It also seems that many bloggers use sites such as Hootsuite and Tweetdeck to schedule their tweets. I must admit, I generally only share my posts the one time – when they’re published – and it could be handy to schedule two or three tweets a day to try and make the most of the potential coverage. How many of you guys do this and is it worth it?
As with most #lbloggers chats, I found myself questioning the value of bloglovin. I’ve recently set up an account and am using it as a way to read more blogs while on the go but it seems that a lot of people rate their number of bloglovin followers above all else. Some have pretty impressive stats, don’t get me wrong, but at the end of the day I’d rather see the interaction on my blog, rather than reading a post somewhere else, clicking through to the original post and then following. Plus you can’t appreciate just how beautiful the designs are on there!
The question of ‘sponsorship’ really threw me at the time because I didn’t have a clue what everyone was on about!
Sponsorship is something I haven’t tried before – either by offering it on my blog or asking for it elsewhere. I’m all for people paying to advertise their products or services but when it comes to bloggers advertising themselves, I think I’d rather someone share/advertise ‘organically’. As a reader, I enjoy ‘discovering’ new blogs and sharing them with my readers and I wouldn’t want to feature someone just because they had paid. Plus, as with other advertising, it would need to be appropriate for the blog (compliment the content).
Towards the end, the chat moved towards what makes you come back to a blog for more. For me, it’s content that keeps me coming back but it’s the initial design that hooks me – I like something that looks visually appealing. But even before that, there’s something in the name. I’m a lifestyle blogger – I cover a reasonable broad range of topics and the blogs I follow act similarly, therefore I don’t click on any blogs with fashion or beauty in the title. I also like names that sound fun or original, such as Bed in the Kitchen or Hello Wonderful. Sometimes I’ll come across a link shared by a blogger I follow and then I start exploring the blog from there but, generally speaking, the reasons for first visiting a blog are quite superficial! Then, if I like the design, I’ll peruse the most recent five posts. If I like the content (nice pictures, similar interests to me, bit of variety), I’ll read a further five. Then, if I like the majority of the posts, I’ll hit follow. Simple as that!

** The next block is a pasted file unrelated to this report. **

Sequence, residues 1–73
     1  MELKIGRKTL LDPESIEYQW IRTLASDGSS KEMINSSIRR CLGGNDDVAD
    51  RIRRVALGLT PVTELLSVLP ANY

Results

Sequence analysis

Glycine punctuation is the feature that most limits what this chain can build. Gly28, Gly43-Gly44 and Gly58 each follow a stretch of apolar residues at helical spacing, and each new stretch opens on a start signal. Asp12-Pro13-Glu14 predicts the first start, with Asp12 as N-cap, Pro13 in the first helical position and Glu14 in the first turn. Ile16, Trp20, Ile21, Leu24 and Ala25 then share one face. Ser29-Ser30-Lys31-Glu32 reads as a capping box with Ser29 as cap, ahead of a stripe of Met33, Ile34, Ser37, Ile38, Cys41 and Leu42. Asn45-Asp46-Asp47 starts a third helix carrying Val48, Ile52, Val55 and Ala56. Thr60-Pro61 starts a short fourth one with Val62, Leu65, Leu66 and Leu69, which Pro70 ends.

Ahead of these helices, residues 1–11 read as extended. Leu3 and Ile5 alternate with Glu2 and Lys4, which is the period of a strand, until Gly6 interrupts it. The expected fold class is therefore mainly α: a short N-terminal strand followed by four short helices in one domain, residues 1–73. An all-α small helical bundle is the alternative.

Here are some blogs I’ve stumbled upon and followed during this week’s chat, plus a few I missed in last week’s post:
My Little Tale
The Persephone Complex
Once Upon an Island
A Rosie Outlook
The English Mademoiselle Diaries
As you may have already read, I’m currently carrying out a reader survey. Whether you read my blog daily, weekly, monthly or less often, I’d love it if you’d take two minutes to answer these ten short questions to help me establish my readership for a marketing course I’m currently on. If this is your first time here, take a look around. If you like what you see, please complete the survey and pop back soon!